Project Seeks to Extract Hydrogen from Ammonia on Floating Terminal
A project that seeks to develop a system to convert ammonia to hydrogen that could be installed onboard a floating terminal is receiving €5.9 million ($6.5 million) in funding from the Norwegian government. The project will be led by Höegh LNG and Wärtsilä with the companies terming it a solution for using ammonia as a hydrogen carrier for the energy market. If successful, the concept would pave the way for hydrogen energy to be developed in a similar fashion to the current offshore LNG terminals.
Hydrogen is difficult to store and transport due to its low volumetric energy density and potential for large vaporization losses. Ammonia is significantly better suited than hydrogen for transport and acting as a carrier since it can be stored in liquid form at moderate pressures and temperatures. The objective of the project is to enable ammonia to be converted back to hydrogen at the receiving destination.
“This important project is a natural extension of the investments and efforts made by Wärtsilä to accelerate the use of decarbonized energy,” said Walter Reggente, Vice President of Wärtsilä Gas Solutions. “Hydrogen will play a considerable role in future renewable fuel consumption, and there is a clear need for the development of ammonia as a storage and transportation carrier for hydrogen.”
As a carbon-neutral renewable energy carrier, ‘green’ ammonia is produced from hydrogen, via electrolysis of water, and nitrogen from the air. Green ammonia acts as a liquid battery with a high energy density compared to alternative solutions for the storage and transport of renewable power. The infrastructure for the large-scale transport of ammonia at sea already exists via a fleet of gas tankers that are already capable of transporting ammonia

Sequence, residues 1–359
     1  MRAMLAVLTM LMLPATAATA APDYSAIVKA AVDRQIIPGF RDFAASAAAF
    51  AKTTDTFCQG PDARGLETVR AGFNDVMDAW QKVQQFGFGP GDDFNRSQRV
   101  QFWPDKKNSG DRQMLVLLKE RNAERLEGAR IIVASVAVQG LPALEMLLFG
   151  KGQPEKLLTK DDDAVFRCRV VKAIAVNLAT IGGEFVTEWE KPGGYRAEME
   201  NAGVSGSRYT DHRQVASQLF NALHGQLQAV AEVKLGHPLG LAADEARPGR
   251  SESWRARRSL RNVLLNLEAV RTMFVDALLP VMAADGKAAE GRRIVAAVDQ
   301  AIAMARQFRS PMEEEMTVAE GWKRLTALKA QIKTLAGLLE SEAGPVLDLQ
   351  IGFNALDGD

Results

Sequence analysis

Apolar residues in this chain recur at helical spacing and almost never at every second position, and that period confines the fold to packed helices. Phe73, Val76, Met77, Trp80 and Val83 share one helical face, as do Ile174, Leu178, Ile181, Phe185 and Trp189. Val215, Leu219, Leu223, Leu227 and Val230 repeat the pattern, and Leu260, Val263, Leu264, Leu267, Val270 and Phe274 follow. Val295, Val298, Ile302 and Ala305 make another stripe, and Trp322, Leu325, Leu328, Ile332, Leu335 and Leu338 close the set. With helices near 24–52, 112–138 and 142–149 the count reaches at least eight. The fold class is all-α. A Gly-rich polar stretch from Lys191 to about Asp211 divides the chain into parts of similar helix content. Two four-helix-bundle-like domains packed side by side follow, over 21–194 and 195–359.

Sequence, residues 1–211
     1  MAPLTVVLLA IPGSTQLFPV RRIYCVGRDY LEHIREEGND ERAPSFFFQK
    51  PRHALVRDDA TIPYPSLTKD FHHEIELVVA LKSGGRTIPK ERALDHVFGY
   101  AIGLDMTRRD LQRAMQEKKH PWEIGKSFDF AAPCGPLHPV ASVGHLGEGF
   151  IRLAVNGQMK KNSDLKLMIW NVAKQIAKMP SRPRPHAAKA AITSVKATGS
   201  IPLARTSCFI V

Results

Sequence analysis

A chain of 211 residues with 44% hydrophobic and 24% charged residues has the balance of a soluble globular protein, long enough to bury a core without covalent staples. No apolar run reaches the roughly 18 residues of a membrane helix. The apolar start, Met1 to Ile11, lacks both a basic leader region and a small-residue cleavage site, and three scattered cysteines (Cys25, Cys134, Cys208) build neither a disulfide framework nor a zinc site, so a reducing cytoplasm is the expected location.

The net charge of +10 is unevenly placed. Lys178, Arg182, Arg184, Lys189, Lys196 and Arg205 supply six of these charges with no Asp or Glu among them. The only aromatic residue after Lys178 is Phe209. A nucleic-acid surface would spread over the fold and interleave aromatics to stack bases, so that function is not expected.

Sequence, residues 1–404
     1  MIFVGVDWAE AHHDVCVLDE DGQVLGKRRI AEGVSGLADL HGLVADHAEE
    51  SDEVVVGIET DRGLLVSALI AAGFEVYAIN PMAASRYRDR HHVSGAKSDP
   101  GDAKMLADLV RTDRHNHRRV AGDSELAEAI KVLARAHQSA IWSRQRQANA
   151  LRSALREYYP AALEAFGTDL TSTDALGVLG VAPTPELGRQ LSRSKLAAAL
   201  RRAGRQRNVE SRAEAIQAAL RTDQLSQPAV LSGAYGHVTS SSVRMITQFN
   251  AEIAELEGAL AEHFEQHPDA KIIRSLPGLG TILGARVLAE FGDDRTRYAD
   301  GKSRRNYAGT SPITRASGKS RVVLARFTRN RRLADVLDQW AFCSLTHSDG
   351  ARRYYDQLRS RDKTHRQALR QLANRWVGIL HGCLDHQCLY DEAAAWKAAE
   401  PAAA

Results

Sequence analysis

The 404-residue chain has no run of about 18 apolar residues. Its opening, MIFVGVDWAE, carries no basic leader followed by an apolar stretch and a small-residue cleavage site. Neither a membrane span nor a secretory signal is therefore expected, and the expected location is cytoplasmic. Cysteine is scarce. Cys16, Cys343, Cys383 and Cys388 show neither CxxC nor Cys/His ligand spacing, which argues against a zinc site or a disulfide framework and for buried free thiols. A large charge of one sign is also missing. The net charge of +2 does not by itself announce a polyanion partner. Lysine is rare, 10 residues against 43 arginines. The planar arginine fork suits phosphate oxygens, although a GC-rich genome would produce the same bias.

The project aims to develop a system to convert ammonia back to hydrogen, which will then be installed onboard a Höegh LNG vessel. This will provide a floating receiving terminal capable of being relocated as needed, requiring minimal use of coastal land and a solution resulting in lower overall cost, improved safety, and competitive hydrogen prices.
“As a world-leading provider of fast-track floating LNG terminals, we have technology and competence essential to developing a strong clean energy value chain,” said Erik Nyheim, CEO and President of Höegh LNG.
The grant coming from the Norwegian Government’s green platform program will provide approximately half of the total budget. Additional partners in the project include the Institute for Energy Technology (IFE), the University of South-East Norway, Sustainable Energy, and BASF SE.